As I mentioned earlier, Friday was field trip day for M. with the bonus of having me tag along as a driver/chaperone. We were going to Conner Prairie, one of those old time re-creation towns that is on the site of one of the first white settlements in Central Indiana. It’s also five minutes from our house and I had never been there in almost nine years living here. Hey, we’ve been busy!
I was dreading the trip a little, mostly because I imagined a carload of screaming first-graders making the drive to-and-from Conner Prairie a nightmare. There were enough parents, though, that only one of M.’s classmates rode with us, and she is a friend who has been to our house before and knows me, so there was no uncomfortable, shy quiet from her. They giggled and sang the whole way there.
We had over three hours to explore the site. There’s a lot to see, but on a day when the temperature was well into the 90s, that was a long time. We were free to go wherever we wanted, so we often joined into groups of 4-6 girls and their chaperones and wandered together. The girls were excited to see the schoolhouse, the hospital, the pottery store, and the hotel. The telegraph station was a big hit. Any time we came across a horse or cow there were squeals of delight. The baby animals in the barn were a huge hit, although the extremely pregnant mama sheep was kind of gross with her misshapen belly.
One girl in the group tried to get her picture taken with a rooster. He responded by pecking her leg and drawing blood. A mom who was close to the incident said, “Those roosters do NOT like having their pictures taken!” Indeed.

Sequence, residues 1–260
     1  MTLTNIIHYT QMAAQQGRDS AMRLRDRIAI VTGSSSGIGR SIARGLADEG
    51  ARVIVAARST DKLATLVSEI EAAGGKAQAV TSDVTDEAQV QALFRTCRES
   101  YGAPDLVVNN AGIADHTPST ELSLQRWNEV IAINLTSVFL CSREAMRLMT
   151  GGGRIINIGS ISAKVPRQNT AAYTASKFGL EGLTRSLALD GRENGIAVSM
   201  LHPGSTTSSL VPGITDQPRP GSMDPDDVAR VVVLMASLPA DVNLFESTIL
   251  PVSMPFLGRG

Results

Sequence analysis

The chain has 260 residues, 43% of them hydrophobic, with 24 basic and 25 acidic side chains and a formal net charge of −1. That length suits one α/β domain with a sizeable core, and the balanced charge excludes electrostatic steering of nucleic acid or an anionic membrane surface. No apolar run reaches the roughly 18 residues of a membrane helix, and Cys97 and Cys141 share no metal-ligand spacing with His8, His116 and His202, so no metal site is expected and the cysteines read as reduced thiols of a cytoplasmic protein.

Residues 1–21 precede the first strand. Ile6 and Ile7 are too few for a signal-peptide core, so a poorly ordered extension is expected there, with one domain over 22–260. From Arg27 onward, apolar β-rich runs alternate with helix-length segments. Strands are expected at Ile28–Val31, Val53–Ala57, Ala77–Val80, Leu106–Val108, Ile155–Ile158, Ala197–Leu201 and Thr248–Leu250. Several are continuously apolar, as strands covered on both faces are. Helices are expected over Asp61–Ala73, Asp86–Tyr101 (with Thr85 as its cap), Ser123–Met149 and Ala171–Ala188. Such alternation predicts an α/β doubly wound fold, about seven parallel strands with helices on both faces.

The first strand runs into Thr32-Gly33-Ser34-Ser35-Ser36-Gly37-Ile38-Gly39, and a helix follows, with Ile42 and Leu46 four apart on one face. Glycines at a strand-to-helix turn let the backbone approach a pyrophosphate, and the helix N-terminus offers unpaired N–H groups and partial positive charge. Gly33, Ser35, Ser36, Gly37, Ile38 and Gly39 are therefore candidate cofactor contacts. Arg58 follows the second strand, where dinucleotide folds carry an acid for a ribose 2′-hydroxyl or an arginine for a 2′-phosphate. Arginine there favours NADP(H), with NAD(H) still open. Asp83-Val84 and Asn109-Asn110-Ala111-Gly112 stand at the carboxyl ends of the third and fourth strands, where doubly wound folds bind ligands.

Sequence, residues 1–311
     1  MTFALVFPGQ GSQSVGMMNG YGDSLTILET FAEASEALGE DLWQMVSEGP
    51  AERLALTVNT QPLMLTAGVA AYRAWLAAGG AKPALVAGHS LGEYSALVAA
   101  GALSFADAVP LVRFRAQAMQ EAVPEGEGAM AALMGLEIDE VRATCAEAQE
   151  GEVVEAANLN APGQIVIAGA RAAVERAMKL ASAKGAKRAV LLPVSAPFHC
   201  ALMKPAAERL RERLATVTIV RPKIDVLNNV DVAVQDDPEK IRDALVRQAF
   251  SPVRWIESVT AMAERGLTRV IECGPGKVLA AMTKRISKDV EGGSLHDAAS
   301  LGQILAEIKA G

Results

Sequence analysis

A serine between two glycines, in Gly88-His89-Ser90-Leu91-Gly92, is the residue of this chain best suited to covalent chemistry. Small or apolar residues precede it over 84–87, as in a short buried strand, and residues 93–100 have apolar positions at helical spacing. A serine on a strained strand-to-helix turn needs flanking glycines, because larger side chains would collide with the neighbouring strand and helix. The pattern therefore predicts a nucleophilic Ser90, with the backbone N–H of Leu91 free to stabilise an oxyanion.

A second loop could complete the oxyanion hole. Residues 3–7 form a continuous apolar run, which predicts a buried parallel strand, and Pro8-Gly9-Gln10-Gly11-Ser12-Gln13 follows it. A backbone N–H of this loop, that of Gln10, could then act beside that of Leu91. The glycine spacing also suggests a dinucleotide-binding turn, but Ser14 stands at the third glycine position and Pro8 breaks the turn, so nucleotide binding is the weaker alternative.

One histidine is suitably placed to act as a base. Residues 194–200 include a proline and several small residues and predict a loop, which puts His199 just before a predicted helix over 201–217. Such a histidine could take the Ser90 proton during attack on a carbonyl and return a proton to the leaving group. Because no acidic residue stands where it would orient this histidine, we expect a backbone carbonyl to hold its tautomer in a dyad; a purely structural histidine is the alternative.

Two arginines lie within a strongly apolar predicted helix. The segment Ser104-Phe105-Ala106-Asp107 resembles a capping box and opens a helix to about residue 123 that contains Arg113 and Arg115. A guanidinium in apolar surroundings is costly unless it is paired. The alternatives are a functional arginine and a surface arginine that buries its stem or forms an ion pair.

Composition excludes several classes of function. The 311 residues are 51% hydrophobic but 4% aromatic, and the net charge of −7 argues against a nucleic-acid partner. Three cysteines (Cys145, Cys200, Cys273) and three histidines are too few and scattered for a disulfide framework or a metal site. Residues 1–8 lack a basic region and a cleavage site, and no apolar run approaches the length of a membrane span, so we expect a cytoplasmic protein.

I enjoyed the Civil War section, although the girls weren’t very interested in my half-assed explanation for why there was a Civil War. Probably for the best, as there was a group of African-American students around us then and the conversation could have been extremely awkward had the girls started asking questions.
Did I mention it was hot? The drinking fountains were very popular. By about 1:15 all the girls were running out of energy and only the 10 minutes scheduled for the playground at the end of the tour kept them going. But even that turned into a bust as a trip to the bathroom kept our group from getting to the playground long enough to play every long. But they weren’t too disappointed to be herded back towards the cars and vans for the trip back to school.
I’ve avoided these school trips for the most part, always having the excuse of a baby or younger sister at home to get me out of them. I’m pretty sure that excuse is disappearing though, and this was the first of many, many volunteer opportunities for me at St. P’s. I hope they all go as smoothly as this one did.